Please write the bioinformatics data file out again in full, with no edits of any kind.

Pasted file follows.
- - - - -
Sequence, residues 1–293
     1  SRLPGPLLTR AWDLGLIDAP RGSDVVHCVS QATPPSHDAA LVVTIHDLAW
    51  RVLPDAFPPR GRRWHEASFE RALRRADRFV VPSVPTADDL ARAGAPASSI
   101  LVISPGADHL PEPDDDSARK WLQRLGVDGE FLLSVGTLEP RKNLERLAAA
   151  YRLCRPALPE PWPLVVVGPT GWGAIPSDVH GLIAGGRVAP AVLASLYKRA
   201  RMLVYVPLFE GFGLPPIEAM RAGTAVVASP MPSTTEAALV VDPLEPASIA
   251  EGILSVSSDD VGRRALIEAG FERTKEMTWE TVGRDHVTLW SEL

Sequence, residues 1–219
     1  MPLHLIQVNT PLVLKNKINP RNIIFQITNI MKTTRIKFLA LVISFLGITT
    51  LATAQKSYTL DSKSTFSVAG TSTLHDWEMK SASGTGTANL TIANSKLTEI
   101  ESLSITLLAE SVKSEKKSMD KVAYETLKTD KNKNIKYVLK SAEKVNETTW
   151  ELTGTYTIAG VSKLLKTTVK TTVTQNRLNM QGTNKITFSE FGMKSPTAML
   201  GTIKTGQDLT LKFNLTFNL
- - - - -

Sequence, residues 1–293
     1  SRLPGPLLTR AWDLGLIDAP RGSDVVHCVS QATPPSHDAA LVVTIHDLAW
    51  RVLPDAFPPR GRRWHEASFE RALRRADRFV VPSVPTADDL ARAGAPASSI
   101  LVISPGADHL PEPDDDSARK WLQRLGVDGE FLLSVGTLEP RKNLERLAAA
   151  YRLCRPALPE PWPLVVVGPT GWGAIPSDVH GLIAGGRVAP AVLASLYKRA
   201  RMLVYVPLFE GFGLPPIEAM RAGTAVVASP MPSTTEAALV VDPLEPASIA
   251  EGILSVSSDD VGRRALIEAG FERTKEMTWE TVGRDHVTLW SEL

Sequence, residues 1–219
     1  MPLHLIQVNT PLVLKNKINP RNIIFQITNI MKTTRIKFLA LVISFLGITT
    51  LATAQKSYTL DSKSTFSVAG TSTLHDWEMK SASGTGTANL TIANSKLTEI
   101  ESLSITLLAE SVKSEKKSMD KVAYETLKTD KNKNIKYVLK SAEKVNETTW
   151  ELTGTYTIAG VSKLLKTTVK TTVTQNRLNM QGTNKITFSE FGMKSPTAML
   201  GTIKTGQDLT LKFNLTFNL